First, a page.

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Ansuya Dutt had rare courage

Last updated on: March 16, 2021 17:13 IST
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Ansuya Dutt, who never stopped fighting for women's rights, can be an inspiration to us never to lose sight of our basic beliefs, never mind peer pressure.
Jyoti Punwani salutes the incomparable lawyer who fought in court for the rights of thousands of Mumbai's women.

IMAGE: Ansuya Dutt. Photograph: Kind courtesy Jyoti Punwani

Meeting Ansuya Dutt remains one of the more pleasant memories I have of a time when I was interviewing many leading lawyers.

Ram Jethmalani, not given to tolerate fools, would scowl, his bushy eyebrows coming together, if you happened to ask a question revealing your ignorance or incomprehension about the legal point that he was then making.

Senior criminal lawyer P R Vakil would almost dictate his answers in a slow sonorous tone. Though I grew friendly with him, his imperious personality never failed to intimidate me.

Quite different from both these was Ansuya Dutt.

She was not just warm (which, depending on his mood, Jethmalani too could be), she was actually welcoming. Ammu Joseph, who knew her both as a journalist and a client, remembers, "I really appreciated the fact that she was not only a kind, warm, fun human being but also a quiet, solid source of support, prioritizing and protecting the interests of her client without grandstanding."

Interviews with Dutt, a lawyer who had specialised in divorce and matrimonial law for decades, always ended up giving you insights on the status of women. She was always on the side of women's rights, but never hesitated to point out when the woman was at fault in a particular case.

This was the 1980s. The Mathura Rape Case had spawned the first autonomous women's group in Bombay, which many of us had joined. We were all subscribers of Manushi, the country's first feminist magazine. So I would be shocked when Ansuya Dutt would narrate instances of indefensible conduct by women that she came across in the many cases she handled.

It is not always the man who is the wrongdoer, Dutt would smilingly say.

However, her experience had also shown her very clearly, just what the status of women in India was.

Having dealt with umpteen cases of violence against women in the matrimonial home, Dutt once told me, "The way we shoo off a dog, and kick it if it refuses to go, merely because its presence irritates us, in the same way is a woman beaten and thrown out by her in-laws."

In those days, not just parents, but also policemen and counselors at women's shelters (only one existed then in Mumbai: Bapnu Ghar) would advise battered woman to make the best of their marriage, even blame the woman for having provoked the violence.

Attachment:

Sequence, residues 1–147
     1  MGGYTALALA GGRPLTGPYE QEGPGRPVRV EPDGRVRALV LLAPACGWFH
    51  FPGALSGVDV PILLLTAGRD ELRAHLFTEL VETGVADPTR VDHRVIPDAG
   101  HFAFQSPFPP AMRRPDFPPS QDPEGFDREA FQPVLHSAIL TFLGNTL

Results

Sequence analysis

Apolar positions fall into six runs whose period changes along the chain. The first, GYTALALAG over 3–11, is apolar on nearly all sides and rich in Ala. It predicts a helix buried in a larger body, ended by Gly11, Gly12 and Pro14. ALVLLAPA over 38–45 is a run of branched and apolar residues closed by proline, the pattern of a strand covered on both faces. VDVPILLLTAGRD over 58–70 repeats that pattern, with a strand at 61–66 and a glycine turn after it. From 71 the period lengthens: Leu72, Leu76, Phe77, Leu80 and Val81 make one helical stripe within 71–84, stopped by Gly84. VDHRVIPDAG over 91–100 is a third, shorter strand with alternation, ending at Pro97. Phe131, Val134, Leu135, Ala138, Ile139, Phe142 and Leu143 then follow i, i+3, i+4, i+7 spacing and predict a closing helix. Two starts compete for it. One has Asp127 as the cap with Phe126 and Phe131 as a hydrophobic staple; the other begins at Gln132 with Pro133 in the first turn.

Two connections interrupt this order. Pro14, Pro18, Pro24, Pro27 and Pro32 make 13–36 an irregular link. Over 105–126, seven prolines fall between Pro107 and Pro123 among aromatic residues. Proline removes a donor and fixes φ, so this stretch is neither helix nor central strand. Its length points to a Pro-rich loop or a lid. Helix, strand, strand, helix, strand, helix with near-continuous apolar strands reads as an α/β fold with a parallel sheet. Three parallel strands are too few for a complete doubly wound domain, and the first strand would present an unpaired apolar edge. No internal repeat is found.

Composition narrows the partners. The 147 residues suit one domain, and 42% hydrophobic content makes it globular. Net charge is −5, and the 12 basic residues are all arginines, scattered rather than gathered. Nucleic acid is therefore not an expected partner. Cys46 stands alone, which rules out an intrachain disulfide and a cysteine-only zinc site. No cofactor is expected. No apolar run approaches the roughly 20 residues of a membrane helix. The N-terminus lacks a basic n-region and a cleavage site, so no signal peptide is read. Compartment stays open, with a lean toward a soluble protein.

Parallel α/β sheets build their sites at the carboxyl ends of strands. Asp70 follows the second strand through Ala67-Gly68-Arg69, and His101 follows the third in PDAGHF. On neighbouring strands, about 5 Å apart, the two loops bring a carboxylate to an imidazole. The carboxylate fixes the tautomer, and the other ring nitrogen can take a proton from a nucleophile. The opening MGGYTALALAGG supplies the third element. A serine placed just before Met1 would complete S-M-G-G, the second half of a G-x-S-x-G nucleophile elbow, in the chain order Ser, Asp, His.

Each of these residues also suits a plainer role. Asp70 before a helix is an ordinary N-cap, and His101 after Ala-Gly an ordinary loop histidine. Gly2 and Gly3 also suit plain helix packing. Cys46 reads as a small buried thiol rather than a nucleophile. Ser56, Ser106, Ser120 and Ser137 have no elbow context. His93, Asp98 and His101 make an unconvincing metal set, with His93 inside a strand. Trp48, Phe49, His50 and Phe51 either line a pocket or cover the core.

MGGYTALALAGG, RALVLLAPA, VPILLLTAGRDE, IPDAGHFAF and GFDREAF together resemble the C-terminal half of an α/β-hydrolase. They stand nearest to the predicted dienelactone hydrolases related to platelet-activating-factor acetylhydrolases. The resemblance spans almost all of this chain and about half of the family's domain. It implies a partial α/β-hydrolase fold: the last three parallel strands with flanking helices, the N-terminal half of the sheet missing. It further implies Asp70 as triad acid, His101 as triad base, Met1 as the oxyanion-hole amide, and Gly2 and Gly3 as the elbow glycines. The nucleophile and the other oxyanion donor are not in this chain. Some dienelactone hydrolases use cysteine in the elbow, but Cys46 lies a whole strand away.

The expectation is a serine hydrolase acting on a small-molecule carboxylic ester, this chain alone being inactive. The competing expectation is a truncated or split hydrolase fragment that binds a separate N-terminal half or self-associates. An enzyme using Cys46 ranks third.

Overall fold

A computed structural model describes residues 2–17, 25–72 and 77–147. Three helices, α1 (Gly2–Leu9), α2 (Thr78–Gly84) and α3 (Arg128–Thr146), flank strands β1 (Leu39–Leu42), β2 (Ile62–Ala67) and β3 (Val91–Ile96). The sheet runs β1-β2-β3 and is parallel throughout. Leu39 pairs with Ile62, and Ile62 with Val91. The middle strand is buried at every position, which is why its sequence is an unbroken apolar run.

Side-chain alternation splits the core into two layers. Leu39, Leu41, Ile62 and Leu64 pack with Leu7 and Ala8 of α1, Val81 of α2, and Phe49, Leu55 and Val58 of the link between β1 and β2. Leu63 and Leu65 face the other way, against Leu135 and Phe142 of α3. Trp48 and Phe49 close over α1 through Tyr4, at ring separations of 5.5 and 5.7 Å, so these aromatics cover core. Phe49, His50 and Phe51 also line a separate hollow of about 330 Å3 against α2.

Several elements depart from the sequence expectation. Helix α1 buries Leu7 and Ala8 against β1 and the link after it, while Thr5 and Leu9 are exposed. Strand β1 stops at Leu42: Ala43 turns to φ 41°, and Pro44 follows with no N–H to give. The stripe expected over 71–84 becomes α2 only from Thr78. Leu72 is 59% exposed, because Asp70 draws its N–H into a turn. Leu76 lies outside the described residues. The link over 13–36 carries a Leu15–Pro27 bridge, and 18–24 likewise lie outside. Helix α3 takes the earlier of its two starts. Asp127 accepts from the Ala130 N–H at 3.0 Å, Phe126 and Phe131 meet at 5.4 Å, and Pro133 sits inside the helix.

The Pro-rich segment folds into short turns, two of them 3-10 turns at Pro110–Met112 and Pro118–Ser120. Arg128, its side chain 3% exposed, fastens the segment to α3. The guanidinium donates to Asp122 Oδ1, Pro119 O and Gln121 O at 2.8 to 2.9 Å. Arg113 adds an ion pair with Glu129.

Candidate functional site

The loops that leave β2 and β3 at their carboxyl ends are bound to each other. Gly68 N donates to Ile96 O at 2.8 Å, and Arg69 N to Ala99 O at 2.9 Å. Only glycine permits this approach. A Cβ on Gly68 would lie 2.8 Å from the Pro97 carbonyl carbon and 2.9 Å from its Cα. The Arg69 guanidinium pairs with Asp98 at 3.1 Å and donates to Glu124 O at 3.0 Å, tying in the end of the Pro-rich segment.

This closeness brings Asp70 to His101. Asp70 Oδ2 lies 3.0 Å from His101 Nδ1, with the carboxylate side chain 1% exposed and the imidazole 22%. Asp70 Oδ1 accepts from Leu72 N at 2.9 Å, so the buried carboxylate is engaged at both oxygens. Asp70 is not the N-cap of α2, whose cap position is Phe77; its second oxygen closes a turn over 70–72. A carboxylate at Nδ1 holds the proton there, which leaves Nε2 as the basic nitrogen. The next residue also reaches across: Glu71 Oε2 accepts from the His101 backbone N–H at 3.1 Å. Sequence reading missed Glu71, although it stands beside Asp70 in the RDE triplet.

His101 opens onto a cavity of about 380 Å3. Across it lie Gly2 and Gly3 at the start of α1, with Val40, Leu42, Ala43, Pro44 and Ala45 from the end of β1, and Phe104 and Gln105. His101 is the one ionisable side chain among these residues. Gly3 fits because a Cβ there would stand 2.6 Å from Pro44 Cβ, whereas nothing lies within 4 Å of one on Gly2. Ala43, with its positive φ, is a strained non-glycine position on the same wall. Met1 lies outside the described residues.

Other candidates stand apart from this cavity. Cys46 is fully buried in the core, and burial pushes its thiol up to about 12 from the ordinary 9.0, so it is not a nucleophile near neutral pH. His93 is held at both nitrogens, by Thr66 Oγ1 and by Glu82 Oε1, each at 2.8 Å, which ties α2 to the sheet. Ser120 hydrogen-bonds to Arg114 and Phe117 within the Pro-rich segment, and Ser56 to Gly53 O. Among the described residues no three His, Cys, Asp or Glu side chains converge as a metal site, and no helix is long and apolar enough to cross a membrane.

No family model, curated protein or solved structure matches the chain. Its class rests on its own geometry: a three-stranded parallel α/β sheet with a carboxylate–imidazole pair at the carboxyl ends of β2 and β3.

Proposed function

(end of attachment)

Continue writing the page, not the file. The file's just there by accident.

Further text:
Many women too, accepted marital violence as a norm. Dutt revealed that one of her clients, a post-graduate, asked her: "Isn't it a man's right to beat his wife?"

Not in Dutt's scheme of things, it wasn't. She advised wives to hit back, and since husbands were usually physically stronger than their wives, to use sticks to do so.

Not everyone took her advice, but two of her clients did, after much hesitation. Both found their children ready to help them take on their father, and while for one, the abuse stopped altogether, for the other, it reduced significantly.

"These wife-beaters are the greatest cowards," Dutt explained. "When they find their authority challenged, they just can't accept it." ('Loved, tied and beaten', The Sunday Observer, December 18, 1983)

As is obvious from her advice, Dutt was no respecter of convention. Nor did she hesitate to speak out against popular figures.

Bigamy became a hot topic when Dharmendra's marriage to Hema Malini, and Dilip Kumar's to Asma became public knowledge. Both marriages were regarded by their fans and much of the film industry as grand love stories. Amul even had a hoarding saying 'Two are better than one'.

But Ansuya Dutt had seen too many women suffer at the hands of bigamous men, either as spurned first wives or as deceived second wives, to gush about these stars.

Explaining what motivated men to break the law and commit bigamy, she said, "It's a question of values, Like Dharmendra, a man may be shameless." ('The second wife', The Sunday Observer, April 11, 1982)

Having seen how difficult it was to punish bigamous men, Dutt wanted it to be made a cognisable offence so that police could arrest the man if they got reliable information that he was to marry a second time.

Also, she felt the need to set up family courts for offences such as bigamy, because the normal criminal courts took too long and needed the wife's presence at every hearing.

"Women have neither the means nor the stamina nor the time to come to court every time," she observed.

It took seven years after this interview for the first family court to come up in Mumbai. But bigamy is yet to be made a cognisable offence!

Ansuya Dutt had varied interests. She was on the board of Kishore Bharati, an experimental project started in 1971 by well-known scientist and educationist Professor Anil Sadgopal in Hoshangabad, to teach science in innovative ways to school children.

She was always associated with progressive causes. But the two markers of her identity were women's rights (she was a feminist before the word became popular in India) and secularism.